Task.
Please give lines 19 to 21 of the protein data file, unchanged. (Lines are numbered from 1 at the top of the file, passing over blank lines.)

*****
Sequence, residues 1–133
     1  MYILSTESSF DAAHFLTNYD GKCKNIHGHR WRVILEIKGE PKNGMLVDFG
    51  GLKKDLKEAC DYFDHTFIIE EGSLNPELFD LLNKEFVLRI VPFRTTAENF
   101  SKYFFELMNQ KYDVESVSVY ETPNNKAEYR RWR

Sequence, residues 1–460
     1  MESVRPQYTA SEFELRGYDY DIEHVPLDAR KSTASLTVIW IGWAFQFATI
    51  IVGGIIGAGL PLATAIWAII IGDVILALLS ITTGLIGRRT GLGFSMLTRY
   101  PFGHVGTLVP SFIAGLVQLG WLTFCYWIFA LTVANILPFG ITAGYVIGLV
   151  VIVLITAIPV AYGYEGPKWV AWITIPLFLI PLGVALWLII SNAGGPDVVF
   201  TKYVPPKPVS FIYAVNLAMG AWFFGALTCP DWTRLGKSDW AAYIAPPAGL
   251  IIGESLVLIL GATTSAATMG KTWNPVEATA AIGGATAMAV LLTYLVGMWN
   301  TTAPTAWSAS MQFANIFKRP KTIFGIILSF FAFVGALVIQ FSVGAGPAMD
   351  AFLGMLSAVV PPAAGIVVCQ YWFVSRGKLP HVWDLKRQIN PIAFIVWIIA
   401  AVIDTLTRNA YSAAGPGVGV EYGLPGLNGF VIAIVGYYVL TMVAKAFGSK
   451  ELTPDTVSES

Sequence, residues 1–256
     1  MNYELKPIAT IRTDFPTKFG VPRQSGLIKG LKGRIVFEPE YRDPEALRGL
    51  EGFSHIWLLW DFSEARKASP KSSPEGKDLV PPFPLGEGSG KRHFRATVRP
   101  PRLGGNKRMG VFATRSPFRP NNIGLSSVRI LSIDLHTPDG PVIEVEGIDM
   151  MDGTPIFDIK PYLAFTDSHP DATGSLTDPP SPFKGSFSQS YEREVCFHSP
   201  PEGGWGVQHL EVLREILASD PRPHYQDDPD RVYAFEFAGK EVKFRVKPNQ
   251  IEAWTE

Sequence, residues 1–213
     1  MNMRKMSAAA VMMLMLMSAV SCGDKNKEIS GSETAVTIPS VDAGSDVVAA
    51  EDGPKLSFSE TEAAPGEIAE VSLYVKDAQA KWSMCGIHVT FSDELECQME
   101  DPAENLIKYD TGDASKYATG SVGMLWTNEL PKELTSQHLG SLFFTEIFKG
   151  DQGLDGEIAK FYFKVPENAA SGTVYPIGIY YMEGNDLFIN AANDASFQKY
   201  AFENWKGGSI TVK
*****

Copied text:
   101  PRLGGNKRMG VFATRSPFRP NNIGLSSVRI LSIDLHTPDG PVIEVEGIDM
   151  MDGTPIFDIK PYLAFTDSHP DATGSLTDPP SPFKGSFSQS YEREVCFHSP
   201  PEGGWGVQHL EVLREILASD PRPHYQDDPD RVYAFEFAGK EVKFRVKPNQ